It was a good day!

18/7/07 7:34 PM  
Blogger patterns of ink said...

Rhea,
I forget that you are in Boston. Most people think of Detroit when they think of Michigan, but actually it's very much like Vermont except with thousands of miles of beautiful shoreline--aside from cars, it's mostly an agricultural state. On my way home from school today, I saw about 50 migrant workers picking the rows of a blueberry farm.

Julie,
Have you ever gone to the Grand Haven FM? It's right beside the tall blue canopy at Chinook Pier where the charter boats clean their catch of the day. Natalie also came home with something she chose--one huge sunflower (but she was not the "lady" in the opening lines =)

Dr. John,
I used to grow my own tomatoes, and there's nothing like picking and eating right from the vine, but a farmers' market is almost that good. Looking forward to 8 random things about you.

S_Q,
I sliced one of the tomatoes and made a nice toasted BLT, but what you've described here sounds like a rare treat. Oh, my! I’ll bet it made your daughter very happy--a great day indeed!

I'm glad the imagery worked. Few things involve all the senses as fully as a farmers' market.

18/7/07 9:50 PM  
Blogger leslie said...

I love the way you describe the market. Makes me feel like I'm there - I can "see the smells and see the tastes" right along with you. Everywhere I go, I enjoy the local markets, including the one Josie and I attended in my own little village (you may recall our posts about it).

18/7/07 10:43 PM  
Blogger jmb said...

Thank you for this very nice description and the photos of this special place.
It certainly is a different experience from hustling to the supermarket and throwing things in the basket and rushing out again.
Thanks for coming by and telling me how Kip is doing. That was quite a scare you all had and I'm glad he's doing well now. I hope he gets his peppiness back soon.
regards
jmb

18/7/07 11:39 PM  
Blogger the walking man said...

What's a farmer? lol

19/7/07 4:13 AM  
Blogger HeiressChild said...

wow! what a well-written article tom. i could hear the voices and smell the smells thru your words. makes me want to run out right now and buy. *lol* we have open farmer markets in D.C., and of course, little farmer markets along the roadsides in maryland. the Amish have a real nice market in annapolis, even though it's on the inside. i'd love to have a garden someday where i can grow my own fruits and veggies.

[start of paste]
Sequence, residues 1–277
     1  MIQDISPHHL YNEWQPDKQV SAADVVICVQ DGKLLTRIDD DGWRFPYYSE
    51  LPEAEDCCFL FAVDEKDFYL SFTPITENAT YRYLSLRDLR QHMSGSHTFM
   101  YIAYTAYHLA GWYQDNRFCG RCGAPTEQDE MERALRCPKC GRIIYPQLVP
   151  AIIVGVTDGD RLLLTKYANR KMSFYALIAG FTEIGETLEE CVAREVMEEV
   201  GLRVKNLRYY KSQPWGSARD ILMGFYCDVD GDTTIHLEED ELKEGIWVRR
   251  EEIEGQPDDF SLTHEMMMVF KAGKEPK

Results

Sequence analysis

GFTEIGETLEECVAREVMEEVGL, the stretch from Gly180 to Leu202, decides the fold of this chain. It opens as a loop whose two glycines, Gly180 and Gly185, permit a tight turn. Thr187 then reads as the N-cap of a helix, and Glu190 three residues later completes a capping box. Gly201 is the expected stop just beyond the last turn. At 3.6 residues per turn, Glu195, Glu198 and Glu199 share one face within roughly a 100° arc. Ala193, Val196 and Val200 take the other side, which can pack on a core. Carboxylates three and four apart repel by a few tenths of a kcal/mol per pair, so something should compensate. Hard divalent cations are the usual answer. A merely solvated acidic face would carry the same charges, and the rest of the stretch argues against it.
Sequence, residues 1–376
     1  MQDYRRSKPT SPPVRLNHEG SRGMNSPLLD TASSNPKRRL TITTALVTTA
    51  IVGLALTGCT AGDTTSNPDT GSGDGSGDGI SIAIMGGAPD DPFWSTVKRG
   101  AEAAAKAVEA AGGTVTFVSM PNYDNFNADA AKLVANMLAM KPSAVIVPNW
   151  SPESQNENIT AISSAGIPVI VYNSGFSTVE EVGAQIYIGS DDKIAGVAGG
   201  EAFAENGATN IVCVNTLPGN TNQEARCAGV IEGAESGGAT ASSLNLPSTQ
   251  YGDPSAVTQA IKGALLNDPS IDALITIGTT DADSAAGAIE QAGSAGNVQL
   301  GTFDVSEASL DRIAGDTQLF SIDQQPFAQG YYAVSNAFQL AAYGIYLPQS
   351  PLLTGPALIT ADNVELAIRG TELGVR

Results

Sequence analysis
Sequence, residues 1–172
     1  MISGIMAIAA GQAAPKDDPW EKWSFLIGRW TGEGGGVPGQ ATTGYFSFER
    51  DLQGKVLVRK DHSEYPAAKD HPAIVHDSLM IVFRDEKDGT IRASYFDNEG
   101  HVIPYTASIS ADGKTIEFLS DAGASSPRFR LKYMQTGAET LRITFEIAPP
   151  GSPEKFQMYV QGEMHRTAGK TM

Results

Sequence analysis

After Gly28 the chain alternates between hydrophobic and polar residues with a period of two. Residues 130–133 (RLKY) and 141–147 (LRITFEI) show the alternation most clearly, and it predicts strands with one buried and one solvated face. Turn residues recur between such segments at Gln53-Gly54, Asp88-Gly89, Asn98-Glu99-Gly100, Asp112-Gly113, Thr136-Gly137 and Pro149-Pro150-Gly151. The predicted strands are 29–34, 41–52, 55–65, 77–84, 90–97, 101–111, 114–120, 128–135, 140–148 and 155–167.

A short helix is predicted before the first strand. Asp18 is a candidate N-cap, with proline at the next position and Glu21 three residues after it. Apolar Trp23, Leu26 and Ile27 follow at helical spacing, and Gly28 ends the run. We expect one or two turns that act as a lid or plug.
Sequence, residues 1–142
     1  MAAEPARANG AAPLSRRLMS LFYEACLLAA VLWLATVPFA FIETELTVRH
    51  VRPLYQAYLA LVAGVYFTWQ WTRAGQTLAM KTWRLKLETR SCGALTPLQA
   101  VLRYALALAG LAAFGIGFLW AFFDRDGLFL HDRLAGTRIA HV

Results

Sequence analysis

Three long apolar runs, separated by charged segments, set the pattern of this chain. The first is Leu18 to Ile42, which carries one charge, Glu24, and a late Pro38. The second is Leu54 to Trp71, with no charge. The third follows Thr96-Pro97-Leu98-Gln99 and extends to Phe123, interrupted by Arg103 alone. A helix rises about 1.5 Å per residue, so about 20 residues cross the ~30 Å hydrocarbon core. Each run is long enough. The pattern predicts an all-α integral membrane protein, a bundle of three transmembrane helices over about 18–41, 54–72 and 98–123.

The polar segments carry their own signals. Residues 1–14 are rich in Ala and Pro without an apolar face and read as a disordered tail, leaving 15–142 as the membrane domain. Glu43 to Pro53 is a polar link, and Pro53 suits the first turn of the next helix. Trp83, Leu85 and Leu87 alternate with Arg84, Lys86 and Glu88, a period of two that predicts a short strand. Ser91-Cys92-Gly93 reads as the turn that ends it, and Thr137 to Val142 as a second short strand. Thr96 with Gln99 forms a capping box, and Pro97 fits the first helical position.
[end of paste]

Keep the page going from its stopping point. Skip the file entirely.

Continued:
19/7/07 9:54 AM  
Blogger patterns of ink said...

Leslie,
I'll have to look for that. I remember you and Josie had a weekend outing some time back, because that was the first time I knew you knew each other.

JMB,
We have some great local supermarkets around here and they do create very inviting produce departments, but there's something about buying just-picked stuff out of dirty trucks that make it a lot more fun! =)

TWM,
Okay, Mark. I'm going to test your memory here... I know you know what a farmer is BUT... do you remember a "hit song" that came out of a Detroit-area garage band around 1968 called "Farmer John"? The shameless lyrics went something like this: "Oh, Farmer John, I'm in love with your daughter...I like the way she talks, the way she squawks, the way she wiggles and the way she walks! Oh, Farmer John, I'm in love with your daughter." It was a cheesy one-hit wonder, but I used to sing about "Farmer Jack" grocery store to that song's tune. Are there still Farmer Jack stores in the Detroit area?

HC,
There's an Amish area south of us in Indiana called Shipshewana. All around that town are wonderful roadside stands and stores. Part of me is drawn to the Amish traditions and the "simplicity" they embrace and farmers' markets (with or without Amish vendors)have a way of saying "These are the things that really matter. These are the things Jesus had in mind when He said,'Give us this day our daily bread.'" The rest is all wood, hay, and stubble.

19/7/07 4:08 PM  
Blogger Dr.John said...

Just a quick note to let you know you won today's Priceless Prize. Please stop by the Fortress and let us know if you want the Prize of the Day or what's behind a door.

I also need your address which you can send to
jlinna@new.rr.com

20/7/07 10:35 AM  
Blogger patterns of ink said...

Dr. John,
I won! I won! I rarely win such prestigious honors as the Priceless Blue Hippo award. I'll email you all the needed info and a draft of a press release. =)

Seriously, you have so much fun stuff happening up their in your neck of the U.P. and it’s a special place in our cyberhood.
Thanks for including us in it.

20/7/07 6:40 PM  
Blogger EA Monroe said...